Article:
Suffering from allergies isn’t any fun. Even with mild symptoms like a runny nose and itchy eyes, it’s a daily annoyance. But for some people allergies can be very dangerous, causing their blood pressure to drop and their airways to close.
During the fall, seasonal allergies tend to get worse when some plants release pollen into the air, causing hay fever. Whether you suffer from mild allergies or more serious reactions, these tips from the Federal Citizen Information Center can help you get control of your seasonal and household allergies.
Find out the Cause: The first step in preventing an allergic reaction is knowing what you’re allergic to. Doctors can test for different allergens to help you identify possible culprits in two ways: A blood test or a skin test, in which a small amount of allergen is injected to gauge your reaction.
Eliminate Allergy Triggers: There are several things you can do to help prevent a flare-up of your allergy symptoms:
Keep your house free of dust: Dust mites— microscopic insects that feed on skin flakes— can trigger allergies, so the less dust you have the better off you’ll be. Wear a mask while cleaning to prevent inhaling dust mite droppings and triggering a reaction.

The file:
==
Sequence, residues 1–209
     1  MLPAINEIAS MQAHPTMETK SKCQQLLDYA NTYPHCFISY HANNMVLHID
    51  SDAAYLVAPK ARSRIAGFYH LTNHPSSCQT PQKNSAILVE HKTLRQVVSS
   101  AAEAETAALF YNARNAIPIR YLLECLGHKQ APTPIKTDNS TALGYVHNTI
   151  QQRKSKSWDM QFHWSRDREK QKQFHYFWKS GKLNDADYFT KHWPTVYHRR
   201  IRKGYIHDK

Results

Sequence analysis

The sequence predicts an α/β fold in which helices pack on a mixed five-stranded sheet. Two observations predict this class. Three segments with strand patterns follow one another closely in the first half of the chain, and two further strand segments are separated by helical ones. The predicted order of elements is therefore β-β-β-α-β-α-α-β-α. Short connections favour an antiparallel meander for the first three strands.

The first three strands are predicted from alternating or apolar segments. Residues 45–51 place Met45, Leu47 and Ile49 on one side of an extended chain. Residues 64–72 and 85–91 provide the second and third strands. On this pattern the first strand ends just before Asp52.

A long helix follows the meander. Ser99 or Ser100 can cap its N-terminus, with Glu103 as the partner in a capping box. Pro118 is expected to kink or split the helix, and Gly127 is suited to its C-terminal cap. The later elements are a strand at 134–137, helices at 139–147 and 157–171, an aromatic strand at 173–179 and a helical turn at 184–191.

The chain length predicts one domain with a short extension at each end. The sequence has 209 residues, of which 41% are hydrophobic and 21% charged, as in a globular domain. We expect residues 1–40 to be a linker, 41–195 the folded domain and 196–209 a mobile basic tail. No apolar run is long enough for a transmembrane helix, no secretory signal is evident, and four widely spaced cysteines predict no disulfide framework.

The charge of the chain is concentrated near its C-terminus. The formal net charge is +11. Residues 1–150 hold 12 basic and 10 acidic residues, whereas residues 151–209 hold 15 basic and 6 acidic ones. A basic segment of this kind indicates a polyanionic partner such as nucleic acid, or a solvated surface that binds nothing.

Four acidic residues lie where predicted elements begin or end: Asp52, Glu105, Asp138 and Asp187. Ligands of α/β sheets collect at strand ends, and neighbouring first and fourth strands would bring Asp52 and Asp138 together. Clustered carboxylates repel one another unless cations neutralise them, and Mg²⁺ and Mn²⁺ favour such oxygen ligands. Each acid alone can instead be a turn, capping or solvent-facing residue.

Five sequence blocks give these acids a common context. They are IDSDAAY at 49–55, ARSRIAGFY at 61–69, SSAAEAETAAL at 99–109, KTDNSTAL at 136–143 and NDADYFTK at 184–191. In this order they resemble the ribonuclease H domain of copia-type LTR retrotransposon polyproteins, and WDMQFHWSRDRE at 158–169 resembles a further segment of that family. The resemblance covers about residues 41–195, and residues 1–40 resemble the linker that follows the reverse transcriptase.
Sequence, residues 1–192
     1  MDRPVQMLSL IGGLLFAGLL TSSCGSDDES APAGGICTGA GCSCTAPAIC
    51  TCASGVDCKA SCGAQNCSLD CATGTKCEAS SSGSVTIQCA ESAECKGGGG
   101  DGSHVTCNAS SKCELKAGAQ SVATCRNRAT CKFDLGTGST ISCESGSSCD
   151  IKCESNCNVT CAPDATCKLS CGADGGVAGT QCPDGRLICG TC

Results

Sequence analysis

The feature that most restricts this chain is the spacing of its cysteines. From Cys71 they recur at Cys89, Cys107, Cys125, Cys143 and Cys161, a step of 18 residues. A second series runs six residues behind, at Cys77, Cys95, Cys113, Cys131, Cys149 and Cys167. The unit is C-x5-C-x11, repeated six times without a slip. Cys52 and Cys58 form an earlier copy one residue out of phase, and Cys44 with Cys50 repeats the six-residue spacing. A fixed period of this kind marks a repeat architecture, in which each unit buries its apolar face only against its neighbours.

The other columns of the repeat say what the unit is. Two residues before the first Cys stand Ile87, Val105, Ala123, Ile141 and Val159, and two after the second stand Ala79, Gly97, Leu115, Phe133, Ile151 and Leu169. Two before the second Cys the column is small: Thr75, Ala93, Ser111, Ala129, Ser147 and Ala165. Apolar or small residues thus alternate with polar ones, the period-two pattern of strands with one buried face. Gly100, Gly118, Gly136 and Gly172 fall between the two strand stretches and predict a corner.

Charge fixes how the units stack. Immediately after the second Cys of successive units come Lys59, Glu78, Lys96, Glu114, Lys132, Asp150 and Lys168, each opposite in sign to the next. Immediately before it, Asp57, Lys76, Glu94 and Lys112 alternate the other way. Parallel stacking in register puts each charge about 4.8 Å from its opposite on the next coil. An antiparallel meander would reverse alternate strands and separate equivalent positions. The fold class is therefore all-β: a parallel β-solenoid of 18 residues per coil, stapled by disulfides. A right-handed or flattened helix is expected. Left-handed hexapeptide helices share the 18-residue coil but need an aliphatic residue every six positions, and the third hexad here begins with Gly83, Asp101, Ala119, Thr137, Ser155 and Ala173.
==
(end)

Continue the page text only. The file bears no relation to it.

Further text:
Wash your bedding regularly: Dust and skin cells can get trapped in your sheets and pillowcases. Wash them in hot water (130 degrees F and above) each week to keep them clean.
Keep your pets off furniture: If you’re really allergic to pets, it’s best not to have them. But if you do, make sure they stay off furniture because shed hair and dander can irritate allergies. Also avoid letting your dog or cat lick you. It’s often an animal’s saliva that triggers allergic reactions.
Cut down on mold: Keeping your home dry will cut down on mold growth. Make sure your windows and doors all seal properly to prevent leaks or place a dehumidifier in damp places like the basement to cut down on moisture in the air.
Treat the Symptoms: Once you know what’s causing your reaction, you can look at several treatment options. Some doctors might suggest oral medications to keep your symptoms in check. Others might recommend weekly allergy shots. Review your options and decide which course of treatment fits best with your lifestyle.
By using these tips from the Federal Citizen Information Center you can make living with seasonal and household allergies a little more bearable.
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